Hanging in therre
Hanging in there

I’ve been trying to make sense of my sojourn in Silva Bay. Why did the gods put me here? I held the job which brought me here for the best part of three and a half years. I have made some wonderful friends, learned a lot and thoroughly enjoyed the location and its archipelago of small islands. However, I’ve made only a survival income, spent a lot of dark and lonely nights on one boat or another, parted with my beloved ‘Pax’ which was ready to sail away, started yet another refit and am left pondering what I’m really doing here; especially during the apex of summer with grand weather and all these gringo boaters around the marina trying to have ‘Fun’. I thought I’d simply let the universe unfold as it will and discover the big reason why I’m here but no epiphanies yet. I am anxious to move on.

I’ve recently been in touch with a long-lost cousin who used the term “Cognitive remodelling”. I love the linguistics of that but frankly I think I already do too much of that and should perhaps apply a little more  “Kinetic remodelling” and get this damned old boat out of here. So I’m tackling the project I’ve been dreading most. It began in January when I upgraded the galley counter and cupboards. I fitted a new water heater in a dead space there and have now decided it needs to be relocated lower. One of its heat sources is the engine and I thoughtlessly installed the heater at too high a level for the engine coolant to flow correctly. I may as well change it now. Damn my teeth for the oversight! So, lower it ten inches,;sounds easy right? It proved to be a day’s work and seemed to be rather like trying to perform heart surgery through the rectum.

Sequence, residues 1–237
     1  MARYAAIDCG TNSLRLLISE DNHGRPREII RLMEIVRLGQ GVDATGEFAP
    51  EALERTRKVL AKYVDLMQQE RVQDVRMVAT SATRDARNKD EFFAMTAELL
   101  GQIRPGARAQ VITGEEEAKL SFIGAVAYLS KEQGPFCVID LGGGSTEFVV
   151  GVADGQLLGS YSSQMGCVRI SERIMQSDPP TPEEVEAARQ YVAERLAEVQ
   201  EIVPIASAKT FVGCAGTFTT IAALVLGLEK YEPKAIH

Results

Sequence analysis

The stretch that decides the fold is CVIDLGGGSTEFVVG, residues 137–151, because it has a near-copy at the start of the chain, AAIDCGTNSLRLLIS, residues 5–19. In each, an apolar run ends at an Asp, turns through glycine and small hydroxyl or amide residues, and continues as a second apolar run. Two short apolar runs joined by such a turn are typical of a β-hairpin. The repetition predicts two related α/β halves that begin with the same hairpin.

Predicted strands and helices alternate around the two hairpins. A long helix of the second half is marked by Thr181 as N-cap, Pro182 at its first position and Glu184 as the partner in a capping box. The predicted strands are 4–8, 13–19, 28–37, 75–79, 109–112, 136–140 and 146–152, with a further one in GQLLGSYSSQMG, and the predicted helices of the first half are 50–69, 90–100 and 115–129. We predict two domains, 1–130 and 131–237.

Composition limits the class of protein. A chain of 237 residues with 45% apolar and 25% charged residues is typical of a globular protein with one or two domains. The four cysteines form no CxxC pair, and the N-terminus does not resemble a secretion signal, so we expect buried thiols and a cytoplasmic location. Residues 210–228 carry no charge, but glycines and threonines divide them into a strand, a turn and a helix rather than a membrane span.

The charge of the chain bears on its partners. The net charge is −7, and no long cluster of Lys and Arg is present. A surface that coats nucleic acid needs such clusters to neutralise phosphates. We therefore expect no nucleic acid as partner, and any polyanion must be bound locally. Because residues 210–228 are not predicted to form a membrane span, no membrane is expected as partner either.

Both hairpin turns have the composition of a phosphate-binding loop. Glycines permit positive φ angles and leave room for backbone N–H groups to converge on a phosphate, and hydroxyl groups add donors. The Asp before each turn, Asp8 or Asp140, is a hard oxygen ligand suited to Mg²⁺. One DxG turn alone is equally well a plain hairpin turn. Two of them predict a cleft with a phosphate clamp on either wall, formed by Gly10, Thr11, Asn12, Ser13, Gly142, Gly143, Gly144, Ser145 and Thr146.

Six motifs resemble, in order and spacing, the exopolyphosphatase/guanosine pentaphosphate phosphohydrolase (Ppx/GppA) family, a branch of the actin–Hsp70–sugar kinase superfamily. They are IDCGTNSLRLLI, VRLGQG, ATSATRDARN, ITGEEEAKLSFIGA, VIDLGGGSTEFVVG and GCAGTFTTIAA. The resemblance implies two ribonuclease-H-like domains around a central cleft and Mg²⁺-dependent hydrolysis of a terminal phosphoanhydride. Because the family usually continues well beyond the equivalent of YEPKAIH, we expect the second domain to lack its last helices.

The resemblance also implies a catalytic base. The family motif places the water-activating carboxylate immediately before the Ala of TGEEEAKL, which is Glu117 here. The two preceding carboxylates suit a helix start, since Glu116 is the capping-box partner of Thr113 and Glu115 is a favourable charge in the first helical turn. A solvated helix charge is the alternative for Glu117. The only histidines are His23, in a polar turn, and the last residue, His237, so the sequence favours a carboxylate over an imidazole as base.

The old water heater was stored in a cavernous storage locker beneath the bunk of the guest cabin. There is also a large sewage holding tank and an amazing snot-garble of plumbing, wiring and furnace ducting. It is a sad waste of much-needed stowage. The settees in the main cabin are on top of two monstrous fuel tanks. There is nothing other than chart storage there so it is imperative that I have as much space for stores elsewhere. The next mega-project begins.

First the guest bunk-junk moves onto the forward cabin bunk. Hopefully it will all end up neatly stowed in the new storage space or in the dumpster if I don’t have a valid use for it. I’ll sleep, for the time being, on one of the settees in the main cabin. Those have new foam cushions and I’ve redesigned and built new seat-backs to hinge up and allow for some comfortable snoozing space. Next the old mattress from the guest bunk goes. God! It reeks of three decades of fermented human presence, my imagination decides that’s it is just spilled wine but I don’t know who it’s been through before permeating the mattress. I’m stunned that I have lived with this disgusting element for so long. Out, out foul demons! Then it’s dunging out the space below the bunk area and realizing how poorly it was utilized. The aged water heater, rusted and leaking, is torn out. It’s a miracle that it still worked. There’s a hodge-podge of plumbing and redundant pumps. Each line needs to be traced, removed and relocated.

The storage space
The storage space

But next, more foul demons. I decided it was propitious to remove the old holding tank. I like to get the worst out of the way as soon as possible. I discovered that some rocket-scientist installed the pump-out fitting almost a third of the way from the bottom of this twenty-five gallon tank. That means that only two-thirds of the tank was ever usable and the bottom third was full of a very ripe sediment. (The boat is thirty years old, so…?) Of course, the tank had to be slid out of it’s fastenings, (Every screw-head is filled with paint) then wriggled upright so the sawn-off fittings were on the top side. Next, the tank, one third full of fecal delight, had to be manhandled out of the boat without spilling anything.  I hugged that stinky, sloshing puppy as if my life depended on it. It was 30 degrees Celsius outside but it felt cool when I finally landed the tank on the dock. The folks going by to the float-plane  passed quickly. The dog reappeared an hour later.

Bunk junk
Bunk junk

Now I can start putting it all back together The fun-part!  Pressure water system first. Remember divergence and convergence. Well this too shall pass and it  should be remembered that it’s all about the romance of the sea.

Simple pleasures
Simple pleasures